I still remember the first seminar in sociology that I ever took at York University. Although I was proud to have secured a position as Assistant Lecturer at what was then a very new university, I had no clear idea about how I might best introduce the subject to a bunch of undergraduates.
In the end I decided that it might be most interesting to begin with a discussion about the nature of suicide. I would ask members of the group to consider all the personal and situational reasons why people might wish to commit suicide (a broken romance, illness, revenge) and then I would slowly introduce a sociological perspective. I would show how Durkheim had managed to construct a very telling account of the reasons why some groups of people were more likely to kill themselves without ever needing to invoke biographical or psychological accounts. And that, I would say, leaning back in my chair and looking around the group with an air of triumph shows how a sociological explanation can improve upon the sort of everyday explanations that people give for their own behavior.
But it didn’t work out like that. One of my students, a rather timid eighteen- year old called Alison, interrupted me as I was prattling about the commonplace psychological explanations of suicide and told me that in the class above her at school there’d been two suicides and one attempted suicide in a single year. It seemed that all the victims had been members of a sort of gang and had somehow come to believe, through their talking and reading, that suicide was romantic. It was, after all, the chosen form of death for many great artists and writers and for countless classical heroes and heroines.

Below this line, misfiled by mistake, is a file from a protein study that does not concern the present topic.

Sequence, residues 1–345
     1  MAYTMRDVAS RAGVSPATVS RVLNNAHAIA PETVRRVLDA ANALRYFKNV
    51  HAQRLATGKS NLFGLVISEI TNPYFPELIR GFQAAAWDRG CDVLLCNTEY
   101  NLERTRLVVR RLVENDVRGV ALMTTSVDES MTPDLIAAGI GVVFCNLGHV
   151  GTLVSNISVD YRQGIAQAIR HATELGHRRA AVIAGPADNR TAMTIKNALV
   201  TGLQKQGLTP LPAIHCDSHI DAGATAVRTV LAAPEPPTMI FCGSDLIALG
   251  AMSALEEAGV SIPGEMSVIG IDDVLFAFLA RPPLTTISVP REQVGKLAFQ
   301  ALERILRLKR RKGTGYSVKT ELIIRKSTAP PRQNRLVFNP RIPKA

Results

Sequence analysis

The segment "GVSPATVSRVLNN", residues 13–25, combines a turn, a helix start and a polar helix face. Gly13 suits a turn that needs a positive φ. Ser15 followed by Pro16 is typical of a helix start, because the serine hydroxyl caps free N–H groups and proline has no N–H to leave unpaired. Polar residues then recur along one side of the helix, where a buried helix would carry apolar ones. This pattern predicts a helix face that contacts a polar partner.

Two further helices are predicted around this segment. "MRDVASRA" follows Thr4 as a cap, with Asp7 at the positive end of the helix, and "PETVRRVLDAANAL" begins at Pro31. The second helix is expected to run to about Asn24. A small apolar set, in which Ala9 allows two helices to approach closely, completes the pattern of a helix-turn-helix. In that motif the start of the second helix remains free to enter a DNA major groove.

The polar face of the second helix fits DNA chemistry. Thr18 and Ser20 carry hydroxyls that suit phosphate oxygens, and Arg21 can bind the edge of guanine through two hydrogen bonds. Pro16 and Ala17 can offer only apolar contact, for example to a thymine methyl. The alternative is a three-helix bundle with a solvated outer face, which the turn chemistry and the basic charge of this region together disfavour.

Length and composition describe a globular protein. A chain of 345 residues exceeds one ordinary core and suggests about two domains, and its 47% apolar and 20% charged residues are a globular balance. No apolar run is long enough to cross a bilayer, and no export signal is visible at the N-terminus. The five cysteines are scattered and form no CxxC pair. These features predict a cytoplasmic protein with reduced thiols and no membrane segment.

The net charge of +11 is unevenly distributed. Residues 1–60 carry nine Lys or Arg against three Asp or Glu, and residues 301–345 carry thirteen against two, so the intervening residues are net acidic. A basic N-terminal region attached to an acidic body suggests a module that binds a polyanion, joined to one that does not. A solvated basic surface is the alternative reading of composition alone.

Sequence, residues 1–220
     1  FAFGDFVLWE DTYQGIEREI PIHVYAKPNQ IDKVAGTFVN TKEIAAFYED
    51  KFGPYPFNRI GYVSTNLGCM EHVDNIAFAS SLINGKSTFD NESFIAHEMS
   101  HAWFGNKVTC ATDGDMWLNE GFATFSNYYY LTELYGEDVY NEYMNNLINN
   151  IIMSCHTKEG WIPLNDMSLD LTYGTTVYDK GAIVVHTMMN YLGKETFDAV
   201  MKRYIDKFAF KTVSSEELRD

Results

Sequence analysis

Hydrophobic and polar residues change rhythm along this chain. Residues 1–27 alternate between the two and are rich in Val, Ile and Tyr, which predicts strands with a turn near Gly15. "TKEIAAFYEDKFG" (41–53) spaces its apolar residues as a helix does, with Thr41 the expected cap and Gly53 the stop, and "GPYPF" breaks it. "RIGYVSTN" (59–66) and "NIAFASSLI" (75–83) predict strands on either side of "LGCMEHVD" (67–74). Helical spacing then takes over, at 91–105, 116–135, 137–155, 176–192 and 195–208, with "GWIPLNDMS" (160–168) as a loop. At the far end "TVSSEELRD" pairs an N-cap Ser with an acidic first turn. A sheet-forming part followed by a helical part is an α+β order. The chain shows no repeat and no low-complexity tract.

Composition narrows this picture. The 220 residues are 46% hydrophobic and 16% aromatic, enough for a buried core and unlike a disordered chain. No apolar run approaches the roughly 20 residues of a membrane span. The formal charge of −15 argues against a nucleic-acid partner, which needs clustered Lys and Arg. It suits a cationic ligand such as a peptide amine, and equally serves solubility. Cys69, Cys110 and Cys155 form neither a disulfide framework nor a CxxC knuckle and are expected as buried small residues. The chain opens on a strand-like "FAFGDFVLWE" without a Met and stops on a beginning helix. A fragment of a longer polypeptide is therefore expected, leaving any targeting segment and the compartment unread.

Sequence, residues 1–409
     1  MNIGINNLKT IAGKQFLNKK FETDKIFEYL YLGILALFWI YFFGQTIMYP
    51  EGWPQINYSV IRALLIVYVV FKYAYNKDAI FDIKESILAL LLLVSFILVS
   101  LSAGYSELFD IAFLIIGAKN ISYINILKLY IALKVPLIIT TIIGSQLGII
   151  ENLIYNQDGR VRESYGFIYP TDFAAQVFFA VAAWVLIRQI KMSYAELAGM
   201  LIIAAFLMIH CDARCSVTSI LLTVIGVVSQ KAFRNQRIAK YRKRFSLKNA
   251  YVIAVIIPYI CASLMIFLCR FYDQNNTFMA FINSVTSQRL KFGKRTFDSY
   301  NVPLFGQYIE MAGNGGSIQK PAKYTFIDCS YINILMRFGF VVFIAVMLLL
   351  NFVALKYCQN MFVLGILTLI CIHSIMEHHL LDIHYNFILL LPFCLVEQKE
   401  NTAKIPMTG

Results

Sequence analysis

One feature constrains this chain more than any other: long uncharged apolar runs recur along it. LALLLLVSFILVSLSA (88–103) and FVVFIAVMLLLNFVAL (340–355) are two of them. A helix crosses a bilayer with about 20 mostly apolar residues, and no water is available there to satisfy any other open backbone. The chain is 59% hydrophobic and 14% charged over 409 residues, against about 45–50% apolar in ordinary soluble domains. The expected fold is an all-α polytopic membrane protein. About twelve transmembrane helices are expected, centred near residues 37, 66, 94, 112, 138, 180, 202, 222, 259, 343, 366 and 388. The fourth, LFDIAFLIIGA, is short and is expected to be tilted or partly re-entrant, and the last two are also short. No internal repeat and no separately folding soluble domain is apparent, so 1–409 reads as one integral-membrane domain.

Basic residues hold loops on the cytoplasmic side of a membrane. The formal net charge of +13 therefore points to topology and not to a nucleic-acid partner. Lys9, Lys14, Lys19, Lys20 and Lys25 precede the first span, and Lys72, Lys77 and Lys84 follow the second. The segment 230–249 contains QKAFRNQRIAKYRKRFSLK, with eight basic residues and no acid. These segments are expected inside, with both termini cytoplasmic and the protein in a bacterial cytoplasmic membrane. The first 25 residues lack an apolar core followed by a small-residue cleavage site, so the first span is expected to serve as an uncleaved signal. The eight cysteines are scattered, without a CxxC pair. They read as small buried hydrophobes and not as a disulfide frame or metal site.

Others in my seminar group protested. How could any group of otherwise perfectly normal human beings come to entertain such irrational thoughts?
It took me a little time to realise that such questions were offering me a quite different way into sociology. Instead of moving on to Durkheim’s detailed statistics about the differences in national suicide rates, I could use the group’s concerns as a way of introducing that branch of sociology and anthropology which had as its primary concern the manner in which groups and subcultures develop their own systems of meaning, their own accounts of what was reasonable behaviour, their own distinctive world view. I could introduce them to ethnography.
I chose as my first example, a work which was later to become something of a standard undergraduate text, Howard Becker’s essay ‘On becoming a marihuana user’. In one sense this essay is not a perfect example of ethnography. It is largely based on interviews rather than a long term immersion in a particular subculture, but Becker’s ethnographic sensitivity, which he displayed in his complementary study of the world of jazz musicians, meant that he gave a wonderfully sensitive account of how a person cannot begin to use marihuana for pleasure unless they are first culturally taught how to define its effects as pleasurable rather than disconcerting. Enjoying marihuana wasn’t a pharmacological matter: it was a product of acculturation.
From that point, it was relatively easy to move onto other examples of the manner in which apparently deviant or irrational activities could become normalised. Why, for example, did working class boys not take advantage of the educational opportunities afforded to them by school. What would a close participant analysis of their subculture reveal about their readiness to adopt a style of life, which meant that they were destined for dead-end jobs? These, of course, were the questions later so sensitively probed and answered in Paul Willis’s Learning to Labour.
It was at this point that I decided to introduce the group to the Chicago school of sociology. Within weeks were talking about the array of subcultural groups which had been so sensitively documented by sociologists back in the 1930’s and 40’s when the city was dramatically expanding. We talked about the distinctive culture of street gangs, prostitutes and the hobos. And, of course, we also talked about methodology, about the dilemmas encountered by ethnographers.
My American example here was always the Laud Humphreys study Tearoom Trade, a participant observation study of men who used public lavatories for sex. Humphreys’ work did much to subvert the stereotype of such men. He was able to show that many of the participants lived otherwise perfectly conventional lives as family men and respected members of their communities. But was he justified in using the license plates of his subjects’ cars as a means to establish such matters? Discuss.